Young Scientists and Babies: Alumni Go to Bat

by Nancy DuVergne Smith on September 30, 2011

in In the News, Public Service

The recent White House press conference looked a little like an MIT reunion—but its purpose was to announce the new National Science Foundation (NSF) Career-Life Balance Initiative, a 10-year plan to provide greater work-related flexibility to women and men in research careers.

The announcement was made Sept. 26 by White House Office of Science and Technology Policy Director John P. Holdren ’65, SM ’66; National Science Foundation Director Subra Suresh ScD ’81, former dean of the MIT School of Engineering; and a White House official.

Gregg and Suresh pictured at the White House press conference. Kate Huntington PhD 06, CAREER Fellow, was among the 14 outstanding early career scientists invited to the event.

Gregg and Suresh pictured at the White House. Another MIT alum, Kate Huntington PhD '06, was among the 14 outstanding early career scientists invited to the event.

The policy effort was spurred by a young scientist who was the first NSF Postdoctoral Fellow to use a no-cost extension of a fellowship for maternity leave—Trish Gregg PhD ’08.

“This inspired my NSF program director to ask what practices were in place to aid early career scientists during these exciting life moments,” says Gregg. “And because of this, the NSF Postdoctoral solicitation and many of the CAREER grant solicitations now have specific language allowing scientists (male or female) to request no-cost extension and extended start dates for family leave. This is just one excellent example of the exciting work that is being done.”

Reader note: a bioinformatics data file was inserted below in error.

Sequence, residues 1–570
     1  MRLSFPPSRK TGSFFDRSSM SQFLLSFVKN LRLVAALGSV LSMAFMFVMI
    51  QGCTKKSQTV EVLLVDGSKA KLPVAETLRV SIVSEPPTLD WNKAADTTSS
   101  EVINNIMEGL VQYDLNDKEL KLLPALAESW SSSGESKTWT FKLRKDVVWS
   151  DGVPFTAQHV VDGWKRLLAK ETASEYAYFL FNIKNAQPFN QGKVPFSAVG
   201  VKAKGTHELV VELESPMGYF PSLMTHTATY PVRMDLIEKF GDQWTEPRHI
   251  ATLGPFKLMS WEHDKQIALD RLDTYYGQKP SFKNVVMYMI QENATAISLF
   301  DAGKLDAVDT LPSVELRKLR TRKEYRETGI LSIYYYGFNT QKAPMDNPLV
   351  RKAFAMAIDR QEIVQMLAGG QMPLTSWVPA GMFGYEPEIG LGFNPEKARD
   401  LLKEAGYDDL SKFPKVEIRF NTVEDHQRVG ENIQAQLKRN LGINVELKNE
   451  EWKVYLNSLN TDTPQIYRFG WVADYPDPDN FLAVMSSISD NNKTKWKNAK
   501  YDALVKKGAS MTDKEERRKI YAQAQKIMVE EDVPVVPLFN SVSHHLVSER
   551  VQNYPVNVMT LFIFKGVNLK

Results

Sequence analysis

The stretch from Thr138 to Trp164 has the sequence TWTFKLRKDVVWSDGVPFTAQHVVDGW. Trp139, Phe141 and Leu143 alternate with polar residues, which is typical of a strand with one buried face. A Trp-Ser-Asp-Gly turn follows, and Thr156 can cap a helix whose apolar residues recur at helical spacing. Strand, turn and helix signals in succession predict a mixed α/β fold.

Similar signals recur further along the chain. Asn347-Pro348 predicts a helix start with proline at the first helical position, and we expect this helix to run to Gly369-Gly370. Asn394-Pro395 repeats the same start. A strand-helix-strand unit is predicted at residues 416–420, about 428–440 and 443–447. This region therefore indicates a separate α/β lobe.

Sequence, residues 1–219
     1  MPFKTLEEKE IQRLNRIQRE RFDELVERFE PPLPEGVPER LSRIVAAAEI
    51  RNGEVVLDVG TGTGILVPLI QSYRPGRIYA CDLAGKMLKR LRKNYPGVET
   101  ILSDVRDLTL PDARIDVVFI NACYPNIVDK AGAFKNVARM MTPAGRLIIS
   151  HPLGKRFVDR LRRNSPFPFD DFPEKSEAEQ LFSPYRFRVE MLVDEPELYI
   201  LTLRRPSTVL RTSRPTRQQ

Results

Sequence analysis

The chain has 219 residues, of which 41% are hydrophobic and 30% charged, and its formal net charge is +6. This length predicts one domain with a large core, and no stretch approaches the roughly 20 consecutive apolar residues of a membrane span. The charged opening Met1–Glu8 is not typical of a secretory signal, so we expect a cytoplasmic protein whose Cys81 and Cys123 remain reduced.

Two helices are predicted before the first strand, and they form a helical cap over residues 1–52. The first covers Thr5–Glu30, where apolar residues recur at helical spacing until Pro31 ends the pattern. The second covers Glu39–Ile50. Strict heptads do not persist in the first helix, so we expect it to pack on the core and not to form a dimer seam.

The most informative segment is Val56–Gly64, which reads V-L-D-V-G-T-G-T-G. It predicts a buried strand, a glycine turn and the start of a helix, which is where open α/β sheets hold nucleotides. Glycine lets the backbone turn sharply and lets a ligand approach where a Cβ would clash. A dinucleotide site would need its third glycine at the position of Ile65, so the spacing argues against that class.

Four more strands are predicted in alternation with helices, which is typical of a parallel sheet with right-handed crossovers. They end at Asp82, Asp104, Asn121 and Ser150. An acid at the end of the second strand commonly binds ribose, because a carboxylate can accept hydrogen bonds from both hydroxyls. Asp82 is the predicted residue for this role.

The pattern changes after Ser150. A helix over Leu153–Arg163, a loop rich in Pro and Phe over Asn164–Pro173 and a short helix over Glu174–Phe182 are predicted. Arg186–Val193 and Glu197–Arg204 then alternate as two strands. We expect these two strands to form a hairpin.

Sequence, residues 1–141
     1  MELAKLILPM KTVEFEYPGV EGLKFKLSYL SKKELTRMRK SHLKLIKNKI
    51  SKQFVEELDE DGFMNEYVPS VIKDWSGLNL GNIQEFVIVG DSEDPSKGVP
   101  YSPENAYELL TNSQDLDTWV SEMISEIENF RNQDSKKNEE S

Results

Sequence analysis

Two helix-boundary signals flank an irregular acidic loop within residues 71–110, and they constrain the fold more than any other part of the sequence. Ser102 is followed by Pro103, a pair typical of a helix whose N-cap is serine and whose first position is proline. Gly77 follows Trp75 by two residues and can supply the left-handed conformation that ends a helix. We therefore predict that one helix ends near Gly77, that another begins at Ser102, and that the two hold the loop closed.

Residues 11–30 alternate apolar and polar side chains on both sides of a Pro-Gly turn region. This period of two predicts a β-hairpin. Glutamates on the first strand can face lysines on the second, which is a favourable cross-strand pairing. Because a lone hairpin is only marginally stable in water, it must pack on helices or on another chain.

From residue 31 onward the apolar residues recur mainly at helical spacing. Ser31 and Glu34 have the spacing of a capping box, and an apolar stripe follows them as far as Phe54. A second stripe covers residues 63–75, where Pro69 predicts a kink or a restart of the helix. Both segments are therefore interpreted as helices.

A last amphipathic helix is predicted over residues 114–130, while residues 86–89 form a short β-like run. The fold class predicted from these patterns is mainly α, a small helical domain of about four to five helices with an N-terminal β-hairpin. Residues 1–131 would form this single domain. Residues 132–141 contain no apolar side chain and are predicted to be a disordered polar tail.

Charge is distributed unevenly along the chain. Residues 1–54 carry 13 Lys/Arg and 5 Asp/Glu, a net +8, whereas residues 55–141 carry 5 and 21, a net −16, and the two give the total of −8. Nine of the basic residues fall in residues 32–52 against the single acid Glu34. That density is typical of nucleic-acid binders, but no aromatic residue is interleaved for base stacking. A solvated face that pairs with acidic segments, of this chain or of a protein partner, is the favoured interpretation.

Gregg needed some flexibility. She and her husband were commuting between the coasts after graduation—she had a post-doc at Columbia University to better understand magmatic processes within the crust at continental volcanoes and he was at Oregon State University. When they found out they were to become parents, Gregg was able to move her post-doc to Oregon, where she had colleagues, and get the fellowship flexibility. Her daughter, Liona, was born in 2009. Gregg  recently joined the OSU faculty as an institutional research association. “I am continuing our exciting work on super-eruptions, and also spinning up new projects to better understand the evolution of volcanic systems on other planets such as Mars, Venus, and Mercury.”

The White House effort aims to help make science, technology, engineering, and math careers more attractive to young people, particularly to women. “Too many young women scientists and engineers get sidetracked or drop their promising careers because they find it too difficult to balance the needs of those careers and the needs of their families,” said Suresh. “This new initiative aims to change that, so that the country can benefit from the full range and diversity of its talent.”

Perhaps Gregg is sharing important career lessons with her daughter already. “Our daughter loves volcanoes, too, and thinks that my studying volcanoes means that I actually know how to make them erupt. I’ll explain it to her when she is a little older.”

Learn about the new policy and about Gregg’s current research.


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